Tip number six Last piece of advice. Some specific exercises to be particularly wary of and some exercises to try. For the chest I like cable chest presses a lot. They are super underrated. You don’t see them done very often, but they provide one hell of a bump in your chest and they are very easy on the elbows. chest press machines are very often They have a somewhat more natural movement pattern, and they are also generally great pec building exercise. Barbell bench presses can be pretty rough. A lot of people get issues with them. They’re a lot better with a wide grip. So you can give that a try, but you may have to take them out If the elbow pain is bad. push ups can also be problematic, but with different types of grips and handles, push up handles, different wrist positions, you can make a big difference. Also, I really like suspended push ups in gymnastic rings or in the TRX. They’re much harder, which is good for one, because most normal push up variations are too easy for serious strength trainees. Secondly, they’re very easy on the wrists and the elbows because of the rotating handles. For the triceps, you should be particularly wary of skull crushers. Skull crushers are probably better named Elbow crushers because they are notorious for causing elbow pain. I much prefer skull overs which you can see here. Skull overs are a lot easier on the elbows for a lot of individuals. Again, this is all individual, but for a lot of individuals, these trends do apply so they can inform you which exercises to try first. So skull instead of skull crushers. Overhead triceps extensions are also a great triceps exercise, but they can also be hard on the elbows. You can make overhead triceps extensions a lot easier by going into full, full stretch for the long head of the triceps. So you really want to go all the way overhead, not like this. A lot off people it becomes almost like an overhead press, right? They are doing it this way, but instead you want to go all the way overhead and go this way and avoiding the lockout at the top, feeling what type of movement is best, again, using a controlled tempo for very high repetitions. Anecdotally, can use very, very low weights when you keep the constant muscle tension, you’re fully overhead because the hypoxia, the blood flow restriction is essentially automatic in this exercise heart has to pump the blood up. So a lot of people get insane pumps and can use very, very, very low weights when they do the exercise like that. The lower the weight you can use while still training very close to failure, the better for your elbows. Other good options include push downs for a lot of individuals. Normal push downs, though, are not as good for most individuals as the ones using a rope or a single handle. A single handle, somewhat supinated grip, see what grip feels best for you, can make a big difference compared to the standard straight bar. also like kickbacks specifically for individuals with severe elbow pain. I’m not a big fan of kickbacks in general because they don’t train the triceps in a stretch position and they just kind of cramp the triceps up. But when your elbow is injured, for a lot of individuals, kickbacks are really easy on the elbow. So if that’s the only exercise you can do, of course, then it’s a lot better than nothing. So give those a try. If all the other exercises hurt.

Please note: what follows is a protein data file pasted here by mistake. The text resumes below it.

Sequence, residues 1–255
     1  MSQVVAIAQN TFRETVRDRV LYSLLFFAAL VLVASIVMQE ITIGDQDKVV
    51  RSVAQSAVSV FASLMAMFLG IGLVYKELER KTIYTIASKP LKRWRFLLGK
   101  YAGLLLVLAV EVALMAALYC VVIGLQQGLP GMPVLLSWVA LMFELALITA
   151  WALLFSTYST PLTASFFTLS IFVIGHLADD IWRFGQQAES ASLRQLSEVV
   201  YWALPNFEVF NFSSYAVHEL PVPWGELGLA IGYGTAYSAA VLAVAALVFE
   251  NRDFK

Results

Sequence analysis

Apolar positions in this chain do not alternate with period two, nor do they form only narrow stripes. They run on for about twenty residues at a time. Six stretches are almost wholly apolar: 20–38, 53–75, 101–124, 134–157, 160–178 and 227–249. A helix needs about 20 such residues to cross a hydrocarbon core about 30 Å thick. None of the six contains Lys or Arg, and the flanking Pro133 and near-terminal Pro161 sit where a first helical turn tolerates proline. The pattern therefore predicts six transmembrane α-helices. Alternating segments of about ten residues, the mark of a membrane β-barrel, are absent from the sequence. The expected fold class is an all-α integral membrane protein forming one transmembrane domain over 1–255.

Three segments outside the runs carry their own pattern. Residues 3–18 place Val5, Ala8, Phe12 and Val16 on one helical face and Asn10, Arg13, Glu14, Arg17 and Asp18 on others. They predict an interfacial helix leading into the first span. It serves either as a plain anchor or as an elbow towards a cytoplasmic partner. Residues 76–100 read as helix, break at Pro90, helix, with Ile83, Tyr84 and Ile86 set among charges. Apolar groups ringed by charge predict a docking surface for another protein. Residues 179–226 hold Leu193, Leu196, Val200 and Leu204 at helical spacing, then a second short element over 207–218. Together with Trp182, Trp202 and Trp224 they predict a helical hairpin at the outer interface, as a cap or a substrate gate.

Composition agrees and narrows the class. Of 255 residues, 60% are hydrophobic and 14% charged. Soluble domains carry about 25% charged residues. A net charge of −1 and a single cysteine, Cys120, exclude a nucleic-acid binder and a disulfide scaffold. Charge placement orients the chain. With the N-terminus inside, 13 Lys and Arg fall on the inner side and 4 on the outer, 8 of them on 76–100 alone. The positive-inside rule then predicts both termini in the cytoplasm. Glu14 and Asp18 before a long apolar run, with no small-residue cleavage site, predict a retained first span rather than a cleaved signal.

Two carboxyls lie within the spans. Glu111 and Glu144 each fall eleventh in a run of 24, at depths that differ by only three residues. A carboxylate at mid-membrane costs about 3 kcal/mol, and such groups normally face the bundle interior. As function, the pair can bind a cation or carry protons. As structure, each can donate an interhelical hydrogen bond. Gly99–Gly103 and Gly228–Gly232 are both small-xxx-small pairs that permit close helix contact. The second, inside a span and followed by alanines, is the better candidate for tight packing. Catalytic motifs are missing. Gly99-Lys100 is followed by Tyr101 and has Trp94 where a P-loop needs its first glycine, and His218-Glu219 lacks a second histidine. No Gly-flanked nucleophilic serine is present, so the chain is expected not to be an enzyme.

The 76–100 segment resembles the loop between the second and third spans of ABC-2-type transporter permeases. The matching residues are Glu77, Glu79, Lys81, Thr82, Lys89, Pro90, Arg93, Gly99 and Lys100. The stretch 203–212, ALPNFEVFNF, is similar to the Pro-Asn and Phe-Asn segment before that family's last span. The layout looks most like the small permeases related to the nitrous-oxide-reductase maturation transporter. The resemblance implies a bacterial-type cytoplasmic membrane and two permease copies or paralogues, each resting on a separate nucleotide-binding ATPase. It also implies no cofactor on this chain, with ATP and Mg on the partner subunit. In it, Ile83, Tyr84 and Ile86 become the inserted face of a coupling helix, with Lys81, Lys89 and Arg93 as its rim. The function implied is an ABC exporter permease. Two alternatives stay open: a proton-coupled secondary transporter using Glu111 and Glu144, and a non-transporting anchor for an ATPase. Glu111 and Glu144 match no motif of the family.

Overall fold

Alright. I hope that helps you get rid of elbow pain. Remember that the goal when injured is always to do as much as possible that is pain free. So don’t do what aggravates your injury, but do all the other things that you can. Modify your program as needed to get rid of pain entirely, for most individuals. Not “can you bear it?” It’s not a question of whether you can bear the pain. It’s a question of whether there really isn’t any pain. Modify the training intensity, the exercise selection, your exercise technique so that you use the lowest amount of weight possible. Don’t go chasing for heavy weights when you’re injured. Strength will have to take a bit of a back seat, but you can still stimulate maximum muscle growth in many occasions when you use these tips. If you want more fitness content, I’d be honored if you like and subscribe.

Mini Course on muscle building graphic Want more content like this?

Then get our free mini-course on muscle building, fat loss and strength.

By filling in your details you consent with our privacy policy and the way we handle your personal data.

About the author

Menno Henselmans

Formerly a business consultant, I've traded my company car to follow my passion in strength training. I'm now an online physique coach, scientist and international public speaker with the mission to help serious trainees master their physique.

» Join in and discuss this article on Instagram
Share via
Send this to a friend